With free agency on the horizon, we take a look at one name Jon Robinson should be taking a long, hard look at: Dontari Poe.
When Mike Vrabel took the podium as the new head coach of the Tennessee Titans, there was an interesting term he used to describe his defense: front multiplicity, coverage consistency. Those words caught the attention of many. Vrabel only reaffirmed that notion with the hiring of briefly retired defensive coordinator Dean Pees. This coaching duo is set to turn this unit into an elite one, but need a few key pieces to come in and contribute.
If you’re going to run a multiple front defense, you need versatile defensive linemen who can line up in any gap and accomplish a number of different assignments. Jurrell Casey fits that mold perfectly. Casey came on early in his career in the 4-3 system. While his statistics may have taken a slight dip after the transition to a 3-4, he is still a disruptive player who is a threat to make a play in the backfield at any moment. But the same can’t be said for the other players at the position.
DaQuan Jones, who’s set to hit free agency, is a solid run-stuffer who wins with power and technique, but his lack of athleticism and hip flexibility is an obvious weakness. It would surprise me if Jones wasn’t brought back, but questions remain after he suffered a season-ending biceps injury.
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Then there are players like Sylvester Williams, David King, and Karl Klug, who are all different situational players. Those are solid pieces to have in your back pocket when you run as many different looks as this defense will in 2018, but this unit lacks a complementary player to Casey.
While he has yet to scratch the surface of his potential, Dontari Poe is someone who can fill that void. He’s a freak of nature athletically for someone who is 6-3, 350 pounds. That athleticism was on full display in the various ways Andy Reid used the big man on offense during his tenure in Kansas City.
This video is a great example of both his strengths and weaknesses as a defensive lineman. See how Poe stood straight up from the snap of the ball? Most defensive lineman will have already lost at that stage. But watch how he keeps his lightning quick feet moving while working the rip with his left arm, which enables him to get to Drew Brees for the sack. A combination of talented players around him, along with the right coaching staff, can make plays like this occur at a more constant rate.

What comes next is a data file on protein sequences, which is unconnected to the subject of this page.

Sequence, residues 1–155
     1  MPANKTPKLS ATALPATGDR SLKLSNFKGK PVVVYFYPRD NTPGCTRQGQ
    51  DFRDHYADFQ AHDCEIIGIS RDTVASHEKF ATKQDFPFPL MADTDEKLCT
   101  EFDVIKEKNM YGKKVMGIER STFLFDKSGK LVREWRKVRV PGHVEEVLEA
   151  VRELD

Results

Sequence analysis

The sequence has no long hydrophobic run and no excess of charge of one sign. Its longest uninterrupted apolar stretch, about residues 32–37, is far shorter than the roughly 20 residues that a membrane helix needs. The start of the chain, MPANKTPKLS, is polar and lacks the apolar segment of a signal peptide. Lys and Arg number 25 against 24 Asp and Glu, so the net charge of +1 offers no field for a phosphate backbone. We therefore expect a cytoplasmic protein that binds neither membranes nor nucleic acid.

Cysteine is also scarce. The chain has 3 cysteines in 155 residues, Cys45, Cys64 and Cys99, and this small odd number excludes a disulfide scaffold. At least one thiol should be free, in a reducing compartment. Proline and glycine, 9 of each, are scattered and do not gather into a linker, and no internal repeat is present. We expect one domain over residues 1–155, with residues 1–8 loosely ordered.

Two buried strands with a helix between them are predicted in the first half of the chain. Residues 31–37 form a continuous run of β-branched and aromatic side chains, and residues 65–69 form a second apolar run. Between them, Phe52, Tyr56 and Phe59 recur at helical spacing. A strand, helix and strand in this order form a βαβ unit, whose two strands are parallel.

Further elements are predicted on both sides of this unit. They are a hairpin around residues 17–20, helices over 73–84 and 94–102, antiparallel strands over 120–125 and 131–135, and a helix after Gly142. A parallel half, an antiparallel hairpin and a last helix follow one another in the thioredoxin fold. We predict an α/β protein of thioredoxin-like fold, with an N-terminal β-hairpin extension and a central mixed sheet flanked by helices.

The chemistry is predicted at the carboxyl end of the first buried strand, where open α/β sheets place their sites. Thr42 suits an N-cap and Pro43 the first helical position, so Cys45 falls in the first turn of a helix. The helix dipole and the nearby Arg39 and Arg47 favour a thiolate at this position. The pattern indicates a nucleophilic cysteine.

He didn’t stuff the stat sheet in his one-year stint with the Atlanta Falcons, but he does still show the same promise he did when he was playing over 1,000 snaps per season and dominating centers for the Kansas City Chiefs. Nose guards aren’t supposed to record multiple sacks year in and year out, but has been able to do so in three out of six seasons.
Typically, the responsibility of these players is to eat up the center and guard to keep them off the linebackers, which essentially allows the backers to flow to the ball cleanly. Poe has the ability to do that and much more in the right fit.
What I love about the plays he did flash in were the many different ways he was able to get after the quarterback. He isn’t the player that you have to put in one specific spot for him to shine (I.E front multiplicity). In this video, you can see he does everything from throwing a dirty swim move on Travis Frederick (one of the best centers in football) to chasing down Michael Vick who had a slight angle on him. My favorite was how he threw former Titans guard Chance Warmack to the side like a little boy. These are just glimpses of the player he can be on every down.
In his previous stops, Dontari Poe has been surrounded with great edge players like Justin Houston, Tamba Hali, Vic Beasley, and Adrian Clayborn (when he was facing a back-up tackle) but never had a complementary inside presence, such as Casey, to line up next to him. Having those pass rushers on the outside is great, but Poe’s position being right in the thick of the trenches still allows opposing offenses to focus more attention on him. Forcing interior offensive lineman to worry about a potential Casey/Poe duo, along with players like Brian Orakpo and Derrick Morgan on the outside, would cause a lot of trouble throughout the league.
GM Jon Robinson hired Vrabel due to his ability to get the most out of players. I’d be interested to see what he would be able to get out of the former Memphis Tiger if he were to don the two-tone blue next season.